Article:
To be honest, I only bought the 1050 because I got tired of squishing primers. I had tendonitis really bad last year so I bought the mark 7. I'm glad I got it but I probably wouldn't have if I didn't have jacked up tennis elbow. 

 

There is about a $500-600 difference. I was thinking it was more like $200.  The 650 does great. 

Edited by B_RAD
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On 2/5/2018 at 11:28 AM, Chris Keen said:

Anybody else using a MARK 7 on their 650? 

 

Yes! I have loaded about 50,000+  rounds on it so far with the Mark 7 Pro (650 model). At first I had issues with the press adjustments. It's pretty amazing how tolerant we are maladjusted stuff when we load manually. The automation is not tolerant to that. It will quit (with torque shutdowns and break stuff like index rings that are not completely greased). It took about a month to discover and fix everything. It was not fun.

 

Once I got it all fixed after buying 4 index rings and using 3 of them, it runs great. I love it. BE AWARE...it does not load anywhere near the auto settings. I do 9 mm. When the rate is set on 1200 per hour it consistently does 734. I have no idea why they label it 1200. 

 

If you are like me, you load even more than before getting the Mark 7. It wears out press parts like crazy. Get yourself a good inventory of replacement parts. For example, on Saturday I ran 1000 rounds just great. When I started it up Sunday to do more it wouldn't drop casings reliably onto the platform. I discovered it had decided not to push the arm far enough to drop the casing because the ramp had somehow moved too far out to push the arm. I just ordered a new case slide and ramp.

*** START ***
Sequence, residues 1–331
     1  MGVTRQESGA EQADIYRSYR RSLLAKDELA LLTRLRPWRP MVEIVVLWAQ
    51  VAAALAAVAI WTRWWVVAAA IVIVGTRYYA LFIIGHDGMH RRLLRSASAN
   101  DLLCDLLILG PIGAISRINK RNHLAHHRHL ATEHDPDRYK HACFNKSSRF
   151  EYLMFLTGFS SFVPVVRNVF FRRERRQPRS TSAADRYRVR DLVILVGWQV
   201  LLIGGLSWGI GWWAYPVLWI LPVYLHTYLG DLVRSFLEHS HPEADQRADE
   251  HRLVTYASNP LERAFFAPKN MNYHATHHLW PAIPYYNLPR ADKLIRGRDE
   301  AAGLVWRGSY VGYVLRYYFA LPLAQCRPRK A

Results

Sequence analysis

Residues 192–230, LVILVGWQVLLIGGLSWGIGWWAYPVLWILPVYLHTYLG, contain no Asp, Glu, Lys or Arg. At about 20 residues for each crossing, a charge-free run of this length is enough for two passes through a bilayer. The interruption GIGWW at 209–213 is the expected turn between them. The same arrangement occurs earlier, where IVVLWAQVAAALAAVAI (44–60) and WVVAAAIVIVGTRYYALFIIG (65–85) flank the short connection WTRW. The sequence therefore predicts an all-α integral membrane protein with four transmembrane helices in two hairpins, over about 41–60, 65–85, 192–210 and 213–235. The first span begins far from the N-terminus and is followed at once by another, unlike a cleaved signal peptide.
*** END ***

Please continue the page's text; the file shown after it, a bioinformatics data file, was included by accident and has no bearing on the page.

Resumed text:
This thing saves time and I would buy it again but it finds every mechanical weakness in the press eventually. Unfortunately the press has a lot of weaknesses. I especially resent the 1200 per hour label when the things loads just over half of that.  Do not buy a decapping sensor for it.. Fortunately mine came free as did two replacements. Breaks frequently. The Mark 7 is still worth it but Im hoping it works better on a 1050. I'm about to find out. Wish me luck. I think I might need it. 

 

I'll be happy to sell you my 650 pro (Mark 7 only, not the press) which I believe is $2100 now. for 1700. It is in perfect condition and works fine (except the decapping sensor). Im not too far from you you and your are welcome to come see it in action.

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  • 1 month later...
  • 4 months later...
On 2/12/2018 at 9:11 PM, Brooke said:

 

Yes! I have loaded about 50,000+  rounds on it so far with the Mark 7 Pro (650 model). At first I had issues with the press adjustments. It's pretty amazing how tolerant we are maladjusted stuff when we load manually. The automation is not tolerant to that. It will quit (with torque shutdowns and break stuff like index rings that are not completely greased). It took about a month to discover and fix everything. It was not fun.